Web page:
• 05-12-2004, 04:25 PM
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    Local News picks up my photo...
    This morning I was watching the local news when they ran a story about a Knoxville police officer who was critically injured when he laid down his motorcycle on a local highway. They were saying that he was in critical condition at UT hospital when they flashed his KPD photo on the screen. Right then a bell went off in my head. I knew I had seen that face before.

    Well, I was right. I looked at the photos I shot of the Dogwood Arts Festival parade and I found the pics I shot of the "blue hawks" (Knoxville's motorcycle police). The only closeup shot I took just happened to be of Officer Billy Cook who is now in critical condition. I immediately set up a web page and made the photo available to the local media. Because of the nature of the subject, I did not charge for the photo, but made it clear that photo credit was necesaary for publication.

    As of tonight, WATE TV6 is using the photograph on air and the Knoxville News-Sentinel has downloaded the photo. I'm betting I'll see it in the paper tomorrow or the next day - AND, depending on whether this officer pulls through or not, I'd say it will show up on all the news channels.

    Here's the photo:
  • 05-12-2004, 10:18 PM
    I just don't know how to respond to this.

    At the surface it's good for you, but once you think about it, bad for you, and bad for anyone out there that could have made money off of selling them an image, and bad for the industry because you are part of a growing trend fo people that are making editors and management think that images are worth less and less, while a photog's cost of doing business is skyrocketing.

    For some reason people tend to think that news and freelancer photogs are rolling in though. They aren't, and every time one of us hobbyists with a day job gives away freebies just to see their name in print it takes money away from those that work in this field, it devalues the profession and is breeding a sort of "free is better than good" mentality among editors.

    Spend some time on boards where pros discuss business, and you'll start to see what sort of an effect your actions have on those that do this as their only source of income. If this was some small community event somewhere that wasn't being covered by anyone, it'd be one thing, you wouldn't be undercutting anyone. But for such a highly publicized story you took money away from some people that probably could have used it. Depending on viewership, something like this on TV might have brought in a couple hundred bucks for someone. It's no small change.

    Freelancing in particular is becoming harder and harder to make a living at because photo editors are swamped with free images from people that just want to see their name in print, and if you can get a mediocre image for free, it looks a lot better to an editor than a great image that costs them. It's sad but true. Maybe not in really high-profile papers, but those are greatly outnumbered by the ones with lower standards.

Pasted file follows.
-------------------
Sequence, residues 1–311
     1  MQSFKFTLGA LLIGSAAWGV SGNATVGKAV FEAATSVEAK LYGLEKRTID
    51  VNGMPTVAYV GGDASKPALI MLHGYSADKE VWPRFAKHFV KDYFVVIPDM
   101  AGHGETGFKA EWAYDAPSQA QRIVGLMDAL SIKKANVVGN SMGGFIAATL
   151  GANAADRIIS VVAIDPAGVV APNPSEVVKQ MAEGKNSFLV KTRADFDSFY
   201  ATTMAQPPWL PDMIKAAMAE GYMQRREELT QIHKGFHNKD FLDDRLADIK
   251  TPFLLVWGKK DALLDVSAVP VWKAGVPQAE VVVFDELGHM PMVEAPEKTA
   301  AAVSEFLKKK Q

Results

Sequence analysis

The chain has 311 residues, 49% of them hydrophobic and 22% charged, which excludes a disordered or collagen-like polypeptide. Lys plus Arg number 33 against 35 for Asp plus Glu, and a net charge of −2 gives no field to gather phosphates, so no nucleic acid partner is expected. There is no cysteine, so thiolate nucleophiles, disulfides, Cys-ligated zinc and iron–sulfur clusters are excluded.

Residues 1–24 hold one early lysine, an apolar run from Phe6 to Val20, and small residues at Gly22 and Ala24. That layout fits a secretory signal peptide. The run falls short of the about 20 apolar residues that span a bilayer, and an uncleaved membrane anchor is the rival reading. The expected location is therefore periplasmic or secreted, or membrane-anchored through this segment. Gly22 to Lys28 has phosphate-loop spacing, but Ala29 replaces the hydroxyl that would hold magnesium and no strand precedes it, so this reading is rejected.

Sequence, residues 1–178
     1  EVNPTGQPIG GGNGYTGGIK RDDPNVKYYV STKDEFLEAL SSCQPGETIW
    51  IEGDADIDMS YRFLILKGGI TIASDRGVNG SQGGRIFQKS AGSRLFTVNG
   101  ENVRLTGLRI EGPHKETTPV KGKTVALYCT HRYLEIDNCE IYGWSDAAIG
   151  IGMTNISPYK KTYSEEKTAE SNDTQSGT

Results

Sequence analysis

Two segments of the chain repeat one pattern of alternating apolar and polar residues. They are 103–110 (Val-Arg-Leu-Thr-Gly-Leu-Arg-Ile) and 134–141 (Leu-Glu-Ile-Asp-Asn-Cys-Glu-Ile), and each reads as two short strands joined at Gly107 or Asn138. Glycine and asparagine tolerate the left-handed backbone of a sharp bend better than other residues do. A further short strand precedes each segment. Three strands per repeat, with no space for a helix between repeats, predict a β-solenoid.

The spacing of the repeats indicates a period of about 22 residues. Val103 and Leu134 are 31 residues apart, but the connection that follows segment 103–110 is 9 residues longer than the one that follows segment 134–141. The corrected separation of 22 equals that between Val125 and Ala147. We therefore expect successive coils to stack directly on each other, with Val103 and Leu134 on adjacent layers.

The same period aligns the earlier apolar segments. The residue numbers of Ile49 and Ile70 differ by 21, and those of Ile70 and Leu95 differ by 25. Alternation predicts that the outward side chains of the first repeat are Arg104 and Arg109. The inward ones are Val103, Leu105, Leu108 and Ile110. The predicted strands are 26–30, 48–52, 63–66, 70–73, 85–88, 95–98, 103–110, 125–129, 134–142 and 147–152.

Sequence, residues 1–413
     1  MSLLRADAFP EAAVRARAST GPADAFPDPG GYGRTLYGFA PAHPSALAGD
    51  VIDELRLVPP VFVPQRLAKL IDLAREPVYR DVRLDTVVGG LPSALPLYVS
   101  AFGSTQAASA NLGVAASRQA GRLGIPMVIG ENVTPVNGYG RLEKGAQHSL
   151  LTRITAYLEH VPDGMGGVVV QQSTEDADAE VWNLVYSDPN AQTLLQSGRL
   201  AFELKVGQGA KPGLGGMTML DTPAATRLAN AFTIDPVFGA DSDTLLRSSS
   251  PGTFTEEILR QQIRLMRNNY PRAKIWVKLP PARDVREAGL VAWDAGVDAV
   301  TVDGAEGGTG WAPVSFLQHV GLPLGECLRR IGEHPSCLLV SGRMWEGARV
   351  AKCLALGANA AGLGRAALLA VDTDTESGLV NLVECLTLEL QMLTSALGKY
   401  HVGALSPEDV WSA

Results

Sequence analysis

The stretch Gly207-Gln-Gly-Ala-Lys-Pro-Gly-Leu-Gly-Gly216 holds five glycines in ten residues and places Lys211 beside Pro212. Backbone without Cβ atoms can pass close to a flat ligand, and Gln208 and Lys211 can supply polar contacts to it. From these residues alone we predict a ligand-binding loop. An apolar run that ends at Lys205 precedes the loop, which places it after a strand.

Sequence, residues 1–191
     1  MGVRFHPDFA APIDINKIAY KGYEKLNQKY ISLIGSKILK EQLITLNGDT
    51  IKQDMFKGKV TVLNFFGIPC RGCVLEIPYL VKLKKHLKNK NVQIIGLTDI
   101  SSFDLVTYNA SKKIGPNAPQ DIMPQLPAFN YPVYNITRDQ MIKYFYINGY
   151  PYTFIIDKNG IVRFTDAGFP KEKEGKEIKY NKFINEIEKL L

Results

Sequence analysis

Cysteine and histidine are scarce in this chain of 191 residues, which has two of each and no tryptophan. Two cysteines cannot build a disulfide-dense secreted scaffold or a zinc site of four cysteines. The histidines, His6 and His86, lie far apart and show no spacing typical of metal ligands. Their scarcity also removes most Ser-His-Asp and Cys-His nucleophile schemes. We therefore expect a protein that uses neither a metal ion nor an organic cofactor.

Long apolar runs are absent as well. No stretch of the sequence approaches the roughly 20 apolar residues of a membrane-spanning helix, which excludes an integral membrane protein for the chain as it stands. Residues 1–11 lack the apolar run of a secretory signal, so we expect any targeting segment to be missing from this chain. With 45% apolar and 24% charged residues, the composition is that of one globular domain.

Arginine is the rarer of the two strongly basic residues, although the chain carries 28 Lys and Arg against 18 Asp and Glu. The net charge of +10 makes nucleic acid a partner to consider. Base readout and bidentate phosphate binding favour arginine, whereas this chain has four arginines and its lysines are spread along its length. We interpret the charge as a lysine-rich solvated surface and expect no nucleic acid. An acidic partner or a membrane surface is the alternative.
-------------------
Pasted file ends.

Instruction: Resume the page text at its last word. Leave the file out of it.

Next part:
Listen, I don't want to rain on your parade, but think about it. Your short-lived thrill cost somebody out there money. How would you feel if someone with a good paying day job that's into web design as a hobby started hunting down your clients and doing web sites for free just so they could say they did it?

    Next time, charge them. It doesn't have to be astronomical, but at least compete on a level playing field with those that do this as a living. There are several calculators on the web that take into account your cost for gear, travel, and other related business costs, and calculate the estimated charges based on the average cost of doing business. I can post some links for you if you're interested. At least that way whether or not they used your image would be based solely on the quality of the image, not on price. And knowing they used it because it was good instead of because it was free, is a much more satisfying way to do this.

    Stuff like this gets you nothing in the long run. From what I've seen, it tends to breed disdain towards people that do that for the above stated reasons. Working photogs and ethical editors look down on this sort of thing. It dillutes the quality of the work, and ultimately devalues it.

    Ok, I'll get off my soapbox now. But please, think about it.
  • 05-13-2004, 03:00 AM
    Okay, let me climb on my soapbox for a minute...

    I understand your argument, but I didn't just fall of the turnip truck yesterday. I've been a product designer for 5 years and a web designer for 3, professionally. Every dime I make comes from work that is undervalued by amateur wannabes who think they can do the same thing. I've been an artist my entire life - I know how hard it is to succeed in a world where people don't value the effort that goes into the end product, and many times aren't willing to pay for it. So, you're preaching to the choir here, Seb. I get it.